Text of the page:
It was really quite good. Not over-marinated at all, I think that actually did what I wanted, as the flavors of cumin and oregano stayed with the meat even through grilling.
I really need to clean the inside of my grill — FIRE!!
Once that calmed down, things proceeded just fine, maybe a little too fast after searing, because it ended up too rare in the center and too done on the edges. But it was a thousand times more tender than other times I’ve done flank. Or had flank.
One thing to remember is, flank, being a thinner cut, will lose heat way faster than you think it should. Especially upon slicing it. There might be some benefit to letting your flank steak rest in a warm oven, or on a pre-warmed plate, before slicing, and serving on a warmed plate, or one of those nice metal serving trays you see in steak houses.
The sauces from the Colombian Beer-marinated recipe were way too spicy for our tastes. Probably because I was a smart-ass and bought Serranos instead of Jalapenos. For future reference, one eighth of a Serrano equals one whole Jalapeno. Roughly.
Overall this was a great trial of what could be an outstanding preparation of flank steak. Moderation in the sauces, and minding the temperature of the meat post-grilling, are key. Luck would have it that this flank steak was the free one in the buy one get one free deal!
How to Grill the Perfect Steak - Victoria Blog Posts - Foodbuzz
While we didn’t fire up our behemoth grill this past weekend, we’re sure itchin’ to real soon. There is a good review article from a Foodbuzz blog that is worth looking at. However, in the interest of simplicity, I’ll summarize in the SteakFeed crib-notes format:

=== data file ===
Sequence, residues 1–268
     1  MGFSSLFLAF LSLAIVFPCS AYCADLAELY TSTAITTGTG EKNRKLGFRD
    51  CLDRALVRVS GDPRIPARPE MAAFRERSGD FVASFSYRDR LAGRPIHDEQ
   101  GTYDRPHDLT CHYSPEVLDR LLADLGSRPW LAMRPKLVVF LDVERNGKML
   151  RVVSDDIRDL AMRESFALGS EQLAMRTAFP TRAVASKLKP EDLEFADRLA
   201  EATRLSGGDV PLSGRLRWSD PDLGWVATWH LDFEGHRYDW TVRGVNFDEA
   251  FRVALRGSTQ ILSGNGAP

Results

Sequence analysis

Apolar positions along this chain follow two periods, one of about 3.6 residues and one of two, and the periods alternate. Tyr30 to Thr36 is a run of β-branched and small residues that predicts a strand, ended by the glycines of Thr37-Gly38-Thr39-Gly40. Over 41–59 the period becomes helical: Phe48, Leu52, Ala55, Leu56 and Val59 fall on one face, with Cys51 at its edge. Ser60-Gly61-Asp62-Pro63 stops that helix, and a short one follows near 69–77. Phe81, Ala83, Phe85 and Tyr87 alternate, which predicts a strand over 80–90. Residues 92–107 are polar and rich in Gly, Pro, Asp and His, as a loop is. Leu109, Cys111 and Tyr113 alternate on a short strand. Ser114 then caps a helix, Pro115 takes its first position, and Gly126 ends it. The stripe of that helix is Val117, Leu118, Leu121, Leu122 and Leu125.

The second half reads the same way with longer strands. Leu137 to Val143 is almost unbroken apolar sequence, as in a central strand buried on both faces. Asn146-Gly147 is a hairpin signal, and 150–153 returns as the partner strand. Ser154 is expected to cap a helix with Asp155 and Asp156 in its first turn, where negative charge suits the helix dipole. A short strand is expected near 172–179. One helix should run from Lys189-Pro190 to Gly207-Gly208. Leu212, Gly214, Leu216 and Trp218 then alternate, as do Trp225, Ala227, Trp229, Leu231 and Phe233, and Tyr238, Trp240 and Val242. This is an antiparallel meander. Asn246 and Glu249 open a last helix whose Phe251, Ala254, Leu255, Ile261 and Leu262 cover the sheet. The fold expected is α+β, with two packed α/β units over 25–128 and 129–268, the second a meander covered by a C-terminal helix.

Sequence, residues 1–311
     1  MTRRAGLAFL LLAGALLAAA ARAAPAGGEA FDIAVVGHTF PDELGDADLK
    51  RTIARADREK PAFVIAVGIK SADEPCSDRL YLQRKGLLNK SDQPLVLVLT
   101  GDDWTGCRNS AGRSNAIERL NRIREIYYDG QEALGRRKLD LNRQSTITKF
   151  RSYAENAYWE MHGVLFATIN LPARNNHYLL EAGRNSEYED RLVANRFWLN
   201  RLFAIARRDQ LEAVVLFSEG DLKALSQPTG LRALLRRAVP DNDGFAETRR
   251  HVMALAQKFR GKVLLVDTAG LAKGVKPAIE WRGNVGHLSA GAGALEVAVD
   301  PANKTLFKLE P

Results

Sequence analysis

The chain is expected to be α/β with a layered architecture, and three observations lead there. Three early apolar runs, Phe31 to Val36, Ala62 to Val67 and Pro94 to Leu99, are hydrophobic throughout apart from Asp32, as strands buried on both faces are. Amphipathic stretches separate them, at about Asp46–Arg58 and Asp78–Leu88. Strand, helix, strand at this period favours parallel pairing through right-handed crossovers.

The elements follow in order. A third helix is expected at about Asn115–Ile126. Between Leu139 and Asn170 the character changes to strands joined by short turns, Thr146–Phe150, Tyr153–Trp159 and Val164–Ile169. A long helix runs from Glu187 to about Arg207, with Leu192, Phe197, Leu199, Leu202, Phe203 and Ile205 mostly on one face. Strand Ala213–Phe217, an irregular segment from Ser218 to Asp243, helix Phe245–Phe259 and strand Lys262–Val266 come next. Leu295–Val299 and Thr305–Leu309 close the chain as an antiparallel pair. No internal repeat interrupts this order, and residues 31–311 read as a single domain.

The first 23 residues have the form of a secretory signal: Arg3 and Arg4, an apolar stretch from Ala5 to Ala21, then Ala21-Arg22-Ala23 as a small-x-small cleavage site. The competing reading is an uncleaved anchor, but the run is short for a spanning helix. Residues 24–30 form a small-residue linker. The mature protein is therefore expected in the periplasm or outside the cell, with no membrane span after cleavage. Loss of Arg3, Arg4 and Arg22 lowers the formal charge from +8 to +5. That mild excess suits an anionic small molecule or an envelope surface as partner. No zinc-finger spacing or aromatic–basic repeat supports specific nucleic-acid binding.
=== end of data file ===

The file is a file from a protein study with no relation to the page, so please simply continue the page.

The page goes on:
Most important to remember, above all: “learn the art of touching your meat to test for doneness.” If you know how to touch your meat, you can tell when you’re close to finishing. [ Also go Lifehacker for a two handed approach to meat-touching, with diagram:
- always bring your meat to room temperature before hand
- always rub your meat with a little oil to get started, or with spicier things if you like
- don’t put on the salt too early or your meat will dry out
- never poke your meat with a fork or a knife or you’ll be sorry
- be sure to warm up your device ahead of time
- start your meat at a 45 degree angle, and then when half done, turn 90 degrees
- allow your meat to rest before you eat it
There’s a lot more good info in here too, like a descriptive chart describing the coloring and characteristics of various tenderness of meat when it’s done. I’ve found that it’s best to stay away from meat that is blue, bloody, and cold on the inside; as well as meat that has turned gray and leathery.
With the right treatment (including a small dollop of soft goat cheese, or even warm butter on top) can enhance the pleasure you can derive from your meat!
… because you will be disappointed with them.
Here’s a very informative article about knives. You should read it. It’s got some nice gory bits, and isn’t all that practical, but has a sense of humor, even: How to Wield a Knife - The Atlantic Food Channel.
No matter how much care you take, if you spend lots of time cutting meat you will cut yourself severely at some time or another. Often you will do so just when your first aid kit has hit bottom. No matter! If you have paper towels and plastic wrap handy, you have all the necessary first aid to get you to a hospital, or, less desirable, to the end of your shift. Simply wash the cut to remove any parts that don’t belong to you and then wrap quickly with paper towels and plastic wrap, tightly if the cut is bad and you’re on the way to the hospital, and less snug to make it through your shift without your injured extremity falling asleep.